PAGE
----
This research received no external funding.

Institutional Review Board Statement

Not applicable.

Informed Consent Statement

Not applicable.

Data Availability Statement

Not applicable.


The authors are grateful to the Applied Science Private University, Amman, Jordan, for the full financial support granted to cover the publication fee of this research article.

Conflicts of Interest

The authors declare no conflict of interest.


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Figure 1. Cybersecurity Awareness Framework for Academia (CAFA).
Figure 1. Cybersecurity Awareness Framework for Academia (CAFA).
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Figure 2. Cybersecurity awareness center (CAC) constituent of the Cybersecurity Awareness Framework.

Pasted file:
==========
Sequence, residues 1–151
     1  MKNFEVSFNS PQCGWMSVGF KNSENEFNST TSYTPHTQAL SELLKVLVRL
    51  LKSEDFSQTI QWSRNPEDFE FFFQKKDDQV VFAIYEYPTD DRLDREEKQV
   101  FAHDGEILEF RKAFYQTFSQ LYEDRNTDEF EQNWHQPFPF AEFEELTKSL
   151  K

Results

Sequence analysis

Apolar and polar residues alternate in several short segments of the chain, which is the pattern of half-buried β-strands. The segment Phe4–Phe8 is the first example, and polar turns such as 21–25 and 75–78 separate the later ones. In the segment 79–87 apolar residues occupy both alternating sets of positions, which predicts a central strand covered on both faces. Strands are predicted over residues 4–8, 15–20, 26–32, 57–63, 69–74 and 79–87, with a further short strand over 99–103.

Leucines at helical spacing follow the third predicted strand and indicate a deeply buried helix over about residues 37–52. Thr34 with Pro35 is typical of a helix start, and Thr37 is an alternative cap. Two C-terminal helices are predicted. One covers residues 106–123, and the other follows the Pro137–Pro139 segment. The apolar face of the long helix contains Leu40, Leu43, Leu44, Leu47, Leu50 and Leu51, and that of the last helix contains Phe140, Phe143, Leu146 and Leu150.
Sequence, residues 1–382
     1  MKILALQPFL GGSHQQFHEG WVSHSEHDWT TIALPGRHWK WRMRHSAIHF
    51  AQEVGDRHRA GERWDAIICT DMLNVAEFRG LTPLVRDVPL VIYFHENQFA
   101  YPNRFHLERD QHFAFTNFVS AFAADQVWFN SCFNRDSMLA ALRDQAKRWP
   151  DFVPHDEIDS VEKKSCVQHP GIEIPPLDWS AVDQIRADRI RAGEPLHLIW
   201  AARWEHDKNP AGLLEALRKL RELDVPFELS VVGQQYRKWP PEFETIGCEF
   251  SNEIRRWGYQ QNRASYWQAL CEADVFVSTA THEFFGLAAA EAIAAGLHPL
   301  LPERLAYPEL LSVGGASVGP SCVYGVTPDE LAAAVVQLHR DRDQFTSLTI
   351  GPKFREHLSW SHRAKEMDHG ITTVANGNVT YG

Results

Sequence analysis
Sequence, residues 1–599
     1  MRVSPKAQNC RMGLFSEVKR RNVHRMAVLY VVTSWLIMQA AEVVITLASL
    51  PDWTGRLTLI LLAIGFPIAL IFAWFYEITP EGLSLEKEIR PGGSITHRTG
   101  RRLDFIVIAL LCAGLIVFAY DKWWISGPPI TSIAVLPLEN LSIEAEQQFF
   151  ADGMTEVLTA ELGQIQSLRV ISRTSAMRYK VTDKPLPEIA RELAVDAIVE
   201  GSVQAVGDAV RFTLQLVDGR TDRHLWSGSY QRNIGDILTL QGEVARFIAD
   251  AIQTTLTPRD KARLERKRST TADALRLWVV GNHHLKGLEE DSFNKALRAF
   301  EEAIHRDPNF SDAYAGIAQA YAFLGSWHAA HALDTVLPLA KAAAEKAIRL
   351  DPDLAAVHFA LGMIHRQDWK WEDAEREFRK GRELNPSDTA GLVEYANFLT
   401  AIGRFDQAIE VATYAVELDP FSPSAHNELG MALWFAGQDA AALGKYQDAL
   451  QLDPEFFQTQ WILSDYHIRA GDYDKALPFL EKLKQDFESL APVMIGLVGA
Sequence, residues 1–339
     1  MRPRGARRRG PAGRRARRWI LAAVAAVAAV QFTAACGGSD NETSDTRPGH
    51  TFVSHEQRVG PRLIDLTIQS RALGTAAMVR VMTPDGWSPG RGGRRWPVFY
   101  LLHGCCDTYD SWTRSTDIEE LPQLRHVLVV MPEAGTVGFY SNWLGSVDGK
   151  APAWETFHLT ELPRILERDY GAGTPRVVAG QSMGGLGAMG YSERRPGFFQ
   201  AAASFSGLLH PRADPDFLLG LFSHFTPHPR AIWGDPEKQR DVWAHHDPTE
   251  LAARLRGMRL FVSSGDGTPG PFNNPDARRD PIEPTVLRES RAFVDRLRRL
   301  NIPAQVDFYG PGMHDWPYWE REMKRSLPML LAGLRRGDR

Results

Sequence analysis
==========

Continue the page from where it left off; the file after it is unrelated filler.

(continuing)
Figure 2. Cybersecurity awareness center (CAC) constituent of the Cybersecurity Awareness Framework.
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Figure 3. Populating test banks for training modules.
Figure 3. Populating test banks for training modules.
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Figure 4. Information and communication technology support (ICTS) constituent of the Cybersecurity Awareness Framework.
Figure 4. Information and communication technology support (ICTS) constituent of the Cybersecurity Awareness Framework.
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Figure 5. The IQAS and its continuous improvement cycle.
Figure 5. The IQAS and its continuous improvement cycle.
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Table 1. Topics to be included in the cybersecurity awareness for first year students.